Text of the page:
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VOL. 131 | NO. 108 | Tuesday, May 31, 2016

Greensward Protests See First Arrests

By Bill Dries

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Two protestors blocking cars from parking on the Overton Park Greensward were arrested Monday, May 30.

The arrests of Fergus Nolan and Maureen Spain are the first in protests that began in the spring of 2014.

Nolan was blocking the gravel drive onto the greensward used for overflow parking by the Memphis Zoo.

Police initially didn’t act when Nolan and several others blocked the driveway but set a time limit.

When he still refused to move, police arrested him and arrested Spain shortly after that.

Police had said they would charge anyone blocking the driveway by a certain time with trespassing.

Nolan was charged with disorderly conduct Monday evening and bond set at $100 with an initial court date set for Tuesday in General Sessions court.

Spain's booking information was amended Monday evening to list charges of criminal trespass, disorderly conduct, obstructing a highway or passageway, reckless endangerment and resisting official detention.

She is due in General Sessons court Tuesday morning for an initial hearing on the charges. She was released from jail Monday evening pending the Tuesday court appearance.

In the past, police have waited out protesters blocking the drive sometimes for hours. Or cars have been directed to park around protesters sitting in within the overflow parking area. Or police have escorted protesters out of the parking area without arresting them.

The arrests come with a month left in mediation talks between the zoo and the Overton Park Conservancy aimed at a long-term resolution to the parking controversy.

The talks have a hard end of June deadline. After that, if there is no resolution, Memphis Mayor Jim Strickland has said he will act.

The talks have yielded on-street parking on North Parkway and an agreement to reconfigure the zoo parking lot.

Greensward groups, however, have expressed concern about what compromises may be made in mediation. They have viewed the protests on both sides of the metal barrier that marks where the parking begins as keeping pressure on the zoo to stop the practice of parking on the Greensward which has been going on for more than 20 years.

Zoo CEO Chuck Brady has said the zoo’s goal is to end the practice but that a viable long-term solution must be in place for that to happen.

Nolan is part of a recently-formed Facebook group “Fringe Element.”

The group takes its name from a comment Memphis City Council member Kemp Conrad made earlier in May describing some Greensward parking protesters.

In a Friday Facebook post, Nolan described the group’s goal as “saving the Greensward, preserving Overton Park and improving the entire city park system.”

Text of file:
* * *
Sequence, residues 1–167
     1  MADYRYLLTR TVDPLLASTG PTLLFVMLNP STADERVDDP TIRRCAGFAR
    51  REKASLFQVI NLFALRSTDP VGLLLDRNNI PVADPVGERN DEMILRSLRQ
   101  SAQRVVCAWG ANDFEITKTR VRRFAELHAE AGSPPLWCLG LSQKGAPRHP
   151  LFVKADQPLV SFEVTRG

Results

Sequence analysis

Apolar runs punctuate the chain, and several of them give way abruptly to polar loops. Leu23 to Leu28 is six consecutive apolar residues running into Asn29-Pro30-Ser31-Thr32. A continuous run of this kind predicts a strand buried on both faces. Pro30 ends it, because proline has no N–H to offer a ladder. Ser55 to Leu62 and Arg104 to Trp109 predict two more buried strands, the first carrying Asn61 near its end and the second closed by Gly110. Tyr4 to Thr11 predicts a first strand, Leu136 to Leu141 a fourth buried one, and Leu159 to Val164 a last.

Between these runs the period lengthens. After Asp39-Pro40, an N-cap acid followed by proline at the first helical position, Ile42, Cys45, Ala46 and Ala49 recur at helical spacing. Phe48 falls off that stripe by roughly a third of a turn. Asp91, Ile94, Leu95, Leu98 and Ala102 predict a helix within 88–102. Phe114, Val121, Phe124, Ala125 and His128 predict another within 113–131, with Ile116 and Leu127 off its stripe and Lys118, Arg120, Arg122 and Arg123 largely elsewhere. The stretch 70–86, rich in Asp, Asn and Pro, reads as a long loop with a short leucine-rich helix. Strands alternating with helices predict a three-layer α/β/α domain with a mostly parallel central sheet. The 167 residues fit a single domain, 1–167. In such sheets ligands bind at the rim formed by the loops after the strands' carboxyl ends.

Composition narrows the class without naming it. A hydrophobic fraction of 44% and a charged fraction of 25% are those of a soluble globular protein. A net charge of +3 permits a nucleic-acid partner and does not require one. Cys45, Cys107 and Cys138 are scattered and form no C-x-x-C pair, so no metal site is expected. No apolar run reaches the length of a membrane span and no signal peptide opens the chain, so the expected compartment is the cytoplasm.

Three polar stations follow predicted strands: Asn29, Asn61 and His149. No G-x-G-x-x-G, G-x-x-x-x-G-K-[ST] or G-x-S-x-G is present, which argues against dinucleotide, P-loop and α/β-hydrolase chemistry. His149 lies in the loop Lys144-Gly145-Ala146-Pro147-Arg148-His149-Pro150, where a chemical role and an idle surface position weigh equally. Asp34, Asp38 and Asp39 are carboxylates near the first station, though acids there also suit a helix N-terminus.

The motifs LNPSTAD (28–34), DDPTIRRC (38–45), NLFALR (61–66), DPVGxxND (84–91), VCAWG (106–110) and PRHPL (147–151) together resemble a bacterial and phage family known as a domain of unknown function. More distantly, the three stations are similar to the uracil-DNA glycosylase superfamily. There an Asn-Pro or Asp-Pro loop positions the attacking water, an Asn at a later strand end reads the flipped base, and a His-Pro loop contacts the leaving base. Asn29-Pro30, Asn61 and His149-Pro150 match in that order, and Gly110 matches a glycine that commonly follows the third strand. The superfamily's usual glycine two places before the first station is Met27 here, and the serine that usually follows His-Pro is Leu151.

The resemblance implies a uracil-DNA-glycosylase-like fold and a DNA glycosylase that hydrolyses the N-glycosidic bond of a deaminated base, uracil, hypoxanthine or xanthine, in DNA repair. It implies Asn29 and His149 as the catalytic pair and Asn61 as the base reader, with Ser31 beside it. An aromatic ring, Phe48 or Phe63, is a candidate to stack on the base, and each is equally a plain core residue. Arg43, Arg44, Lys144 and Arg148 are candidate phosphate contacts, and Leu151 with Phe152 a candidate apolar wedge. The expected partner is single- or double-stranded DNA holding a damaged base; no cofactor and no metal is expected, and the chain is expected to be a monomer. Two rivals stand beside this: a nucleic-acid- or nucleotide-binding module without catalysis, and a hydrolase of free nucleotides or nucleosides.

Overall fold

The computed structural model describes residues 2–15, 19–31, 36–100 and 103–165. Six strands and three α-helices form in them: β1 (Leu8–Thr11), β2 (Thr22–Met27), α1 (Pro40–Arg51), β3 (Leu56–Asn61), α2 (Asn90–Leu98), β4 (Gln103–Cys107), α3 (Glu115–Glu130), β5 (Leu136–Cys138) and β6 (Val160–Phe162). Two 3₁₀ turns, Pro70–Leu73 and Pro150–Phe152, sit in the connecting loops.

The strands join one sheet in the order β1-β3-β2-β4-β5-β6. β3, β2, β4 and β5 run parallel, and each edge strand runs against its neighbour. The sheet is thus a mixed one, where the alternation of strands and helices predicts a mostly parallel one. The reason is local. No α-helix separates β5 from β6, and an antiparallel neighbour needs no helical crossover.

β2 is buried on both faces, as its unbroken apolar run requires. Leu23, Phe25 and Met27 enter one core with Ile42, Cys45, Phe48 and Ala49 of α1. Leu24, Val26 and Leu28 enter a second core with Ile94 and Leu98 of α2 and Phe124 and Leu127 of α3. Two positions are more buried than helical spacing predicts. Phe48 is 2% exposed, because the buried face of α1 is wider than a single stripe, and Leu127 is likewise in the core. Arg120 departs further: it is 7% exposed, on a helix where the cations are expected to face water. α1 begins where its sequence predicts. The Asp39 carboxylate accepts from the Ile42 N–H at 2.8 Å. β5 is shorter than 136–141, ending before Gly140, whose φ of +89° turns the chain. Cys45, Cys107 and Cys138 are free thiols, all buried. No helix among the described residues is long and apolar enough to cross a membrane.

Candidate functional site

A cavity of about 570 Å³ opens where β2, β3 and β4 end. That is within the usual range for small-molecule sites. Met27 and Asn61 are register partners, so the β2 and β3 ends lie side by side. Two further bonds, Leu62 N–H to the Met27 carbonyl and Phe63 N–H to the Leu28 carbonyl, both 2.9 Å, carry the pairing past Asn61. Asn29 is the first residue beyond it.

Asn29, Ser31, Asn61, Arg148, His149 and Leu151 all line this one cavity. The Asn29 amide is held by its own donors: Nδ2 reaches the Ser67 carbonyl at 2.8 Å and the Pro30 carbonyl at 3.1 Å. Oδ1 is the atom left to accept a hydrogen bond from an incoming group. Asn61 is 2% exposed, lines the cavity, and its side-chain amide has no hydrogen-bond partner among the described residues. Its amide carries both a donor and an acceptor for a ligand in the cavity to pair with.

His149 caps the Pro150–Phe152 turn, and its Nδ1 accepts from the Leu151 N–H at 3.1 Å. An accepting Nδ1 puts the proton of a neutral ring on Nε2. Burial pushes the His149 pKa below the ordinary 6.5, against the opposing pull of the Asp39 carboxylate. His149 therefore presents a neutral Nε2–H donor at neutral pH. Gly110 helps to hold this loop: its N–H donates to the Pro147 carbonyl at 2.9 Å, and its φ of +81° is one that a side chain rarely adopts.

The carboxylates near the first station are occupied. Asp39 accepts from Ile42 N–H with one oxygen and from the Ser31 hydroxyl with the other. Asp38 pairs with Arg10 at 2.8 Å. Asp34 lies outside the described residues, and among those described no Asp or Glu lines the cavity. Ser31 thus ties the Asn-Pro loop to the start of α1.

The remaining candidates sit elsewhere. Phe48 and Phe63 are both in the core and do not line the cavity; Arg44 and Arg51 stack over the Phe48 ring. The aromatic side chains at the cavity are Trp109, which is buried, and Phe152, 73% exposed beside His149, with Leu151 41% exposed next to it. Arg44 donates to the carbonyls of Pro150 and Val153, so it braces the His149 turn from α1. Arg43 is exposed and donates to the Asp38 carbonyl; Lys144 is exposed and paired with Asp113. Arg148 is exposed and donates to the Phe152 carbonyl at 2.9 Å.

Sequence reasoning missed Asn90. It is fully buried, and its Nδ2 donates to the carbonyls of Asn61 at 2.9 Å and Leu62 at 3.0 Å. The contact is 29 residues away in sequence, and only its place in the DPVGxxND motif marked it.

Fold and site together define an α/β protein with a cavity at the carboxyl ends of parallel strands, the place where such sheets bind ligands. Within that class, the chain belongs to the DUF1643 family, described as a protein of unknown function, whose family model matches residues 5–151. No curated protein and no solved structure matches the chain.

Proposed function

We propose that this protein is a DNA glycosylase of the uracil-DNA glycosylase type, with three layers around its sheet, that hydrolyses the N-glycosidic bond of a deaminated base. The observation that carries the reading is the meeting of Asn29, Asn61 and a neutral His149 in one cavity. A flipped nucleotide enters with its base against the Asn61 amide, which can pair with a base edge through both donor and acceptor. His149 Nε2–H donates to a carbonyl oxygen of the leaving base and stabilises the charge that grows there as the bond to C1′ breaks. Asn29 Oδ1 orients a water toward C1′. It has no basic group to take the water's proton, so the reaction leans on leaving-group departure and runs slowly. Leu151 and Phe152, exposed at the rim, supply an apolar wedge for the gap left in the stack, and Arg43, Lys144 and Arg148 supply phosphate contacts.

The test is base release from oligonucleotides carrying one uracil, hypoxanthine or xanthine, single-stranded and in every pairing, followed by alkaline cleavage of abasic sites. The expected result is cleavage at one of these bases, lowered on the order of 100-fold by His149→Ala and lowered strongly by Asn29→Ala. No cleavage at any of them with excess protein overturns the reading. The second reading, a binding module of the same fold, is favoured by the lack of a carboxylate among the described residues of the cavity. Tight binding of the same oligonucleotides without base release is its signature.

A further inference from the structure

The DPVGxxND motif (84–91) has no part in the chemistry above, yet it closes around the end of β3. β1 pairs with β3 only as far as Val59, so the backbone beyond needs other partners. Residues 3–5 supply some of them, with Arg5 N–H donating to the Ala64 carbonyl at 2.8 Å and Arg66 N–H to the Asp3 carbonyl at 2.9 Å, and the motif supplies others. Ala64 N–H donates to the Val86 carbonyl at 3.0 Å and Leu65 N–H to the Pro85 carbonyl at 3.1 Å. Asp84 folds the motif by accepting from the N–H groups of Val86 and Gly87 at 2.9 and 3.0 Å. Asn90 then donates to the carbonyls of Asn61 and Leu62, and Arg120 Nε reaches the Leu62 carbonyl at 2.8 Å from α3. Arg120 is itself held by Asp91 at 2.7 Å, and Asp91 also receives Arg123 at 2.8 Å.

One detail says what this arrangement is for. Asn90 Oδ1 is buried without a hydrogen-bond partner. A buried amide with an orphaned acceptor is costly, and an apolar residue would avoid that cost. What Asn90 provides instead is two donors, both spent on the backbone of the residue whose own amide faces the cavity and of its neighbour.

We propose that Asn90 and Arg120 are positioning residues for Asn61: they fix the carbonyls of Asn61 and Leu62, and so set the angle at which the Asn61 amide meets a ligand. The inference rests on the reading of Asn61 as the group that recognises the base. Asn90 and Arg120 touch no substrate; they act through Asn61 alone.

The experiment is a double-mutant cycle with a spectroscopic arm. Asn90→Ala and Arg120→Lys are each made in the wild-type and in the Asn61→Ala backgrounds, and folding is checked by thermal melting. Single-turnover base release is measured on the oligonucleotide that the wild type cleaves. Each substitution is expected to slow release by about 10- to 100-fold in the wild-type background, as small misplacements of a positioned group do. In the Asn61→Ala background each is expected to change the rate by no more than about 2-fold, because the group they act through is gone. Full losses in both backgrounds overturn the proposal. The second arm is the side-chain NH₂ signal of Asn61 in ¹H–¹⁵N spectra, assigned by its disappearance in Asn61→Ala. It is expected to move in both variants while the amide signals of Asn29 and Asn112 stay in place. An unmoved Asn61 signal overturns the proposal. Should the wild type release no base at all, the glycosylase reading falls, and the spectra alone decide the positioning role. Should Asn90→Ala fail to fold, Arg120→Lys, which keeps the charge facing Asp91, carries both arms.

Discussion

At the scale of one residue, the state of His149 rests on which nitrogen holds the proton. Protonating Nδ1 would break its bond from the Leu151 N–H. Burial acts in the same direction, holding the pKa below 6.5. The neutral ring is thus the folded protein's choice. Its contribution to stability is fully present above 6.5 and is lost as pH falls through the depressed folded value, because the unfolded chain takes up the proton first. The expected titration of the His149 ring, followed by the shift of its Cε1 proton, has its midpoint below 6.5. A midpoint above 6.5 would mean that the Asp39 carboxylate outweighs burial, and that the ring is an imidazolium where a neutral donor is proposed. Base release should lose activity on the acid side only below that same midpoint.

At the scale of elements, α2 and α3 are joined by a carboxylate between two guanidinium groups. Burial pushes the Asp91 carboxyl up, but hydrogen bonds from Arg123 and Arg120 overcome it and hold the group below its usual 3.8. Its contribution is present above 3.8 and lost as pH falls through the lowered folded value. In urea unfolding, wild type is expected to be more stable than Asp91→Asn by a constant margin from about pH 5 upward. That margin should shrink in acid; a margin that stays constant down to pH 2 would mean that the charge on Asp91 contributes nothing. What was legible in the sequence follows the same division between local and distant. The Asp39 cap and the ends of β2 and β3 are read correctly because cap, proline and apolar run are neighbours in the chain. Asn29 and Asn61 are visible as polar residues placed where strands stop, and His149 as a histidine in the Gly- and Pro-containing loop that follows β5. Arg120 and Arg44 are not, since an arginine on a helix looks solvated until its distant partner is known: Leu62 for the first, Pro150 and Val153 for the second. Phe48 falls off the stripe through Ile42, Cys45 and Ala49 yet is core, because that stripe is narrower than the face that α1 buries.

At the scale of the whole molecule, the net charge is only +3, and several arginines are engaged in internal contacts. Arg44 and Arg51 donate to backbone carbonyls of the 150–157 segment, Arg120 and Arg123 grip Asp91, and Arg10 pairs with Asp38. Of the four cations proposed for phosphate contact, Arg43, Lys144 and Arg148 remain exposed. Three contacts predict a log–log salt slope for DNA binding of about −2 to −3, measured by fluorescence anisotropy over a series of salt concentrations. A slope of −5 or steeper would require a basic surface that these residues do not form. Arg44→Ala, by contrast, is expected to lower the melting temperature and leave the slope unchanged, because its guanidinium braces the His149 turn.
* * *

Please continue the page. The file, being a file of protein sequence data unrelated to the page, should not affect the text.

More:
“We have a bias for action,” he added. “Applying pressure to power is our mission. Save it, or they will pave it.”

Three weeks before Memorial Day, the group announced its intention to block parking on the Greensward and be arrested for it.

Other Greensward groups, meanwhile, held a “community picnic and cop stop”, a potluck brunch on the Greensward with police and military veterans invited to stop by.

The invitation for that event which included leaders of other protest groups also mentioned the possibility of blocking cars from parking on the Greensward.

“Our intention is to fill the occupied Greensward with peaceful park activities so no cars will be able to park on the grass that day,” the FB invitation reads. “If you are uncomfortable breaching the barricades, join us anyway on the free/unoccupied Greensward.”

The arrests are a week before the Overton Park Conservancy’s annual “Day of Merrymaking” on the Greensward.

In past years the event has opened the entire Greensward to activities.

This is the festival’s first year since the city council approved a resolution that gives the zoo control of part of the Greensward for parking. The area is two-thirds of the Greensward. But the zoo has been using the original northern one-third in recent weeks.

The newly-renovated Levitt Shell also opens its summer seasons next weekend, including a Saturday evening concert by Big Ass Truck

The June 4 Merrymaking event will feature free shuttle buses provided by FedEx to and from the park to handle increased traffic expected as a result. The streets inside the park will become one-way streets for the length of the festival to better handle auto traffic.

The conservancy renewed its use of shuttles and made most of the park roads one-way streets on May 7, a day that featured the Latino Memphis Festival on the Greensward, the centennial celebration of the Memphis Brooks Museum of Art, a Memphis College of Art sale and the second weekend of the new Zambezi River Hippo Camp at the zoo.

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